Leyden History

The organization of the township occurred April 2, 1850, at the house of Richard Fuller. Of the meeting held that day, Ezra Alger was chosen Moderator, and William Emmerson, Clerk. The election held that day resulted in the choice of the following officers: Supervisor, M. L. Dunlap; Clerk, Richard W Everett; Assessor, William Emmerson; Collector, Samuel Hammel; Overseer of the Poor, Richard W Everett; Commissioners of Highways, Thomas Croghan, Ezra Alger and John G. Frye; Justices of the Peace, James M. Pennoyer and William Dunlap; Constables, Samuel Hummel and Edward B. Stanley. The organization of the town was effected under the name of Monroe, but afterward, as there was another town of that name, the name Leyden was selected.

Originally the township was for the most part prairie, the exception being a strip of timber averaging about a mile in width extending from north to south along both sides of the Des Plaines River, but mainly on the east side of the river. The largest trees in this timber were white oak, and were about two feet in diameter.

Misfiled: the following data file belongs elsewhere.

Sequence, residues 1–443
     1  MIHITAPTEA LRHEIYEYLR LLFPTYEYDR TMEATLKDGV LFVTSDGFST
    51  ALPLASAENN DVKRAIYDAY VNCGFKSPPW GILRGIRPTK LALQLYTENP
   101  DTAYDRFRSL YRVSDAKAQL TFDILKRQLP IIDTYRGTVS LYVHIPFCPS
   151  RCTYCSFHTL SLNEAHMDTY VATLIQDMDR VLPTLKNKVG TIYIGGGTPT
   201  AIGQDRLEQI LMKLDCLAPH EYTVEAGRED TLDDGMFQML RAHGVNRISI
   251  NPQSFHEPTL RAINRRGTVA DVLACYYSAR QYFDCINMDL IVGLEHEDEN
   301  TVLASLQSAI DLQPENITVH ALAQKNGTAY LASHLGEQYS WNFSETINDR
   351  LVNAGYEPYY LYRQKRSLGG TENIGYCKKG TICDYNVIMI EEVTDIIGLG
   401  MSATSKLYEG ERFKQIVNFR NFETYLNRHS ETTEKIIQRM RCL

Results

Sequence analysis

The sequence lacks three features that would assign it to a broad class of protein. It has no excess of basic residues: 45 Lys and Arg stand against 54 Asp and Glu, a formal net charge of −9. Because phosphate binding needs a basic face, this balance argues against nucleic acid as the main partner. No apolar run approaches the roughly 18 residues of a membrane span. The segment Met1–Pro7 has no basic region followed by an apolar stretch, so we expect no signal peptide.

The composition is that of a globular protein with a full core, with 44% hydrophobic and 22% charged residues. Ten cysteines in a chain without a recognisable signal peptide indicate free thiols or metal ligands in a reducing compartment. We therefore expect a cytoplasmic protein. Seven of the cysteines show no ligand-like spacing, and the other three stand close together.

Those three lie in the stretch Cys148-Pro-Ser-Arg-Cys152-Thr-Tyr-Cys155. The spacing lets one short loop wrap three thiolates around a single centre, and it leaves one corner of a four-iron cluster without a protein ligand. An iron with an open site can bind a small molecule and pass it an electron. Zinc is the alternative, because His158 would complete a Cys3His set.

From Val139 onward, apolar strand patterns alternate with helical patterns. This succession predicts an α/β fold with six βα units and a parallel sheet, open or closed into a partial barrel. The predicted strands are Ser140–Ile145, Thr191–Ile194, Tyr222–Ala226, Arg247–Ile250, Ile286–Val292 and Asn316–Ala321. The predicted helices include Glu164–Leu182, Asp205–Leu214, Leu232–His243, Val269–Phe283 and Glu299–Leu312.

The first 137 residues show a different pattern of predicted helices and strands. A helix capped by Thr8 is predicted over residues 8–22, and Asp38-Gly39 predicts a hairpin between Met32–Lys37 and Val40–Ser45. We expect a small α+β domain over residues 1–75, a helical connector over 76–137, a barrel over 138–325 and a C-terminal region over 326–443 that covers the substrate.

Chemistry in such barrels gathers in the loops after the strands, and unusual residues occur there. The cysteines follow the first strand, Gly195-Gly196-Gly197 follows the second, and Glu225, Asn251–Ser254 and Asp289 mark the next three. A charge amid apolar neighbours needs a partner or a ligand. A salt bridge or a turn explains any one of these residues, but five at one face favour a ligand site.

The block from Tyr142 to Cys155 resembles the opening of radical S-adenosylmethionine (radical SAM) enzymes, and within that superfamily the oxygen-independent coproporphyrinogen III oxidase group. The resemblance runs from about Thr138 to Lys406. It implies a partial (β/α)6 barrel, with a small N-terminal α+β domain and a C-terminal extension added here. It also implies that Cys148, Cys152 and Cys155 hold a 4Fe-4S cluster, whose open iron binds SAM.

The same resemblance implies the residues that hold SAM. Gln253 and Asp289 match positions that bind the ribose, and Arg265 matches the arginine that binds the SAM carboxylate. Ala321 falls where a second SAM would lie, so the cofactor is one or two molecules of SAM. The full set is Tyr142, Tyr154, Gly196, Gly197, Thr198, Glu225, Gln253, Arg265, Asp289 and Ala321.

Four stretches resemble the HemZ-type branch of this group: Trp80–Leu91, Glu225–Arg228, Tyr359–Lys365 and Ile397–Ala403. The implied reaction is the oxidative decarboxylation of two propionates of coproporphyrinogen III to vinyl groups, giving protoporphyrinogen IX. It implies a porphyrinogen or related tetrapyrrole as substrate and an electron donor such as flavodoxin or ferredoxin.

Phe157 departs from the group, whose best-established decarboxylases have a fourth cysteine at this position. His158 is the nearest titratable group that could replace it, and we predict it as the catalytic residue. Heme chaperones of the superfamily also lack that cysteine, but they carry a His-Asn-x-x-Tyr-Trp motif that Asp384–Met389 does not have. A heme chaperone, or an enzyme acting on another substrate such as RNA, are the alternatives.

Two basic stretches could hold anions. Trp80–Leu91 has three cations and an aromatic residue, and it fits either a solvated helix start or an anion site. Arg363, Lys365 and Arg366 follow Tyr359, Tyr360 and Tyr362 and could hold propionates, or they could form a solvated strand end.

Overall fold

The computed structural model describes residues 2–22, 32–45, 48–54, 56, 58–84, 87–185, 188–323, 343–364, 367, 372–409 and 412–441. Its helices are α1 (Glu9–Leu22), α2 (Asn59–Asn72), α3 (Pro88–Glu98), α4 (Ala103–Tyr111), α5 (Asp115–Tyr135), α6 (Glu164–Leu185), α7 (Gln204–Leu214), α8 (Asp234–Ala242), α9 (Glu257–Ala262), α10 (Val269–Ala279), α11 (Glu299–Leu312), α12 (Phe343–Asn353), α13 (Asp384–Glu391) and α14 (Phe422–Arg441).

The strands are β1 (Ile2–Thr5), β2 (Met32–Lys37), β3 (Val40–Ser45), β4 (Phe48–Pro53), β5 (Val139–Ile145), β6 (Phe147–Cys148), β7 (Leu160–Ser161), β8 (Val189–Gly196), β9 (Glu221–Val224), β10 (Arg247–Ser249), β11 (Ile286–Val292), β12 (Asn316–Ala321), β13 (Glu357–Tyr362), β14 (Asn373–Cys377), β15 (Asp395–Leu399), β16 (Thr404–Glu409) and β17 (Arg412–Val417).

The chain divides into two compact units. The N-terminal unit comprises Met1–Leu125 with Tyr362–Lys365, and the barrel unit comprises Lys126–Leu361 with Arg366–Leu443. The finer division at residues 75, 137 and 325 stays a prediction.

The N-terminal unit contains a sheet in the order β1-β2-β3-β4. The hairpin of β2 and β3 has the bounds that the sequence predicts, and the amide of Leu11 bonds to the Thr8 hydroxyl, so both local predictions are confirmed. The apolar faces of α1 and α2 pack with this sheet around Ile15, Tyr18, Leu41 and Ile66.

In addition to the unincorporated areas, the following towns lie, whole or in part, within the Leyden Township borders: Rosemont (south of Devon Avenue), Schiller Park, Franklin Park, Northlake (north of North Avenue), River Grove, Elmwood Park, Melrose Park (north of North Avenue), Park Ridge (south of Devon Avenue), Norridge (most western part) and Bensenville (east of County Line Road).